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Restoring Historic Olvera Street Area: Long, Slow Process : Political Bickering, Indifference, Money Problems Work Against Plan

September 02, 1985|RAY HEBERT | Times Urban Affairs Writer

Colorful and always bustling, red-tiled Olvera Street is Los Angeles' ver-sion of a typical Mexican marketplace. It draws more than 2 million people a year, making it one of Southern California's top tourist attractions.

Over the years it has become a thriving legend. It also is the most recognizable part of El Pueblo de Los Angeles State Historic Park--44 acres of parking lots and old buildings neglected through years of political bickering, indifference and lack of funds.

The park idea started in 1947 as part of an urban development proposal to restore the then-blighted area around Old Plaza Church, which was built in 1818.

There have been a dozen plans and studies, but the general idea always has been--as one plan put it--to establish "a permanent historical park . . . as a living memorial to the history and tradition of California life and environment . . . (and) to preserve and re-create the Old Pueblo of Los Angeles and the colorful life of the period."

Some Progress Made

Some progress has been made over the years toward making the park a reality.

The Old Plaza has been landscaped and paved with brick, and a kiosk has been built. The Roman Catholic archdiocese has put up a new church and support buildings across Main Street from the plaza. New parking lots, largely used during the daytime by Civic Center workers, have been laid out along Main Street north and south of the frequently altered Our Lady Queen of Angels Church--the Old Plaza Church.

These and other projects notwithstanding, many believe that El Pueblo Park exists in name only. Implementation of the park plans has been hampered over the years by bureaucratic conflict and inertia. Also, the rapid expansion of Chinatown nibbled away at the park's northern boundary.

It also has been difficult to achieve a consensus on various proposals among owners of property within the park. The list of owners includes the state, Los Angeles County, the city, the Archdiocese of Los Angeles and private interests.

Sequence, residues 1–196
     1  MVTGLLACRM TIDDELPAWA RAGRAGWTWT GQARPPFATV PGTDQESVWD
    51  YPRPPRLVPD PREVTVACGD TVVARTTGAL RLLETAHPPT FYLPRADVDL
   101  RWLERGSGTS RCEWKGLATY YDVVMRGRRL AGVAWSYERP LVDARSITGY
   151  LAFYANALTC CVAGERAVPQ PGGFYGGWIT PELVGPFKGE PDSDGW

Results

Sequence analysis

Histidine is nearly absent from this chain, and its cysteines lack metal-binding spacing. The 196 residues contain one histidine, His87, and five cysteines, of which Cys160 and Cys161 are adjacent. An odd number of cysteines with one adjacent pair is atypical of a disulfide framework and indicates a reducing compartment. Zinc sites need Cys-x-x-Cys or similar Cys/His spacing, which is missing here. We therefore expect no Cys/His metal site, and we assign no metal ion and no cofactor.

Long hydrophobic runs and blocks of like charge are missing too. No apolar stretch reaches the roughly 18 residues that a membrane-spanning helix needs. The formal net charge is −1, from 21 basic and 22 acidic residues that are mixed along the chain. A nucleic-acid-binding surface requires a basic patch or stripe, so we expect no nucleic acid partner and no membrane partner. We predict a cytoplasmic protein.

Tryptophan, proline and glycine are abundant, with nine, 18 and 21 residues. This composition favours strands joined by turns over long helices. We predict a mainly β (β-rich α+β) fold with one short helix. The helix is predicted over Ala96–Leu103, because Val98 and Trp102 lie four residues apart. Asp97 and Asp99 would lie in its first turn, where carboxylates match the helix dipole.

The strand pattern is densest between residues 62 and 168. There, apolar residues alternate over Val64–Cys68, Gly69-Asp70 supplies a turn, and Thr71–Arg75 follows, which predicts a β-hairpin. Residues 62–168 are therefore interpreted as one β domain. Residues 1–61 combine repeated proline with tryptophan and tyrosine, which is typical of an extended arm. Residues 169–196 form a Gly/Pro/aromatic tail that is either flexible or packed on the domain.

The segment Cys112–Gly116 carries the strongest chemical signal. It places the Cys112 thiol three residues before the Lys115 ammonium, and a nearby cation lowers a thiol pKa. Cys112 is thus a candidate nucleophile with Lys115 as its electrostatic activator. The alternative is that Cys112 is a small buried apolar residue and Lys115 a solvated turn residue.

Signs of Movement

But now things may be changing. With the park's viability on the line, there are signs of real movement:

- The county is planning to cut loose a large part of the property it owns, currently used for employee surface parking, for construction of a 290-room Spanish renaissance-style hotel and a five-level parking garage for 550 cars. Situated between Hill Street and North Spring Street and bisected by Broadway, this site, which also includes some privately owned buildings, would be detached from the park's original 44 acres, reducing El Pueblo's size about 25%.

- As part of the same development, the county is negotiating for the restoration of five structures it owns between Main Street, across from the Old Plaza, and North Spring Street. These historic buildings, including the Plaza House built in 1883, would be converted into a commercial complex on New High Street, which would be closed off to provide a "street scene" atmosphere. Its character would depict Los Angeles between the turn of the century and the 1920s. This development, which would also include a parking garage, would remain within the park's boundaries.

- The city, which administers El Pueblo Park, has signed an agreement with a development firm, Old Los Angeles, for restoration of old buildings on the Pico-Garnier block located immediately south of the Old Plaza. Built between 1858 and 1905, this block contains the city's first hotel--the Pico House--and its first firehouse and theater. Old Los Angeles' plan calls for turning these buildings into a complex of restaurants, shops, offices and exhibit areas keyed to a turn-of-the-century atmosphere.

- The city also plans to seek a master lessee to redevelop, maintain and operate Olvera Street, the domain of more than 70 small merchants and businesses, ranging from tiny souvenir stalls to restaurants and other establishments taking in more than $100,000 a year. Plans call for the developer-lessee to do seismic and restoration work on eight buildings and to put up a 600-car parking garage that would more than double the number of parking spaces now available for Olvera Street.

Chinatown Encroachment

These actions are happening none too soon. Not long ago shops and other businesses catering to a booming Chinatown replaced a Mexican nightclub north of Sunset Boulevard and Macy Street, across from El Pueblo Park.

In 1980, the city's Community Redevelopment Agency gobbled up a chunk of the park by including it within the Chinatown Redevelopment Project's boundaries. The agency's action made that area eligible for Chinatown renewal funds and physically reduced El Pueblo Park's original 44 acres by 20%.

These reductions of the park, as well as the developmental changes it is undergoing, have raised questions about El Pueblo's purpose and stature now that it essentially has been reduced to nearly half the size originally planned.

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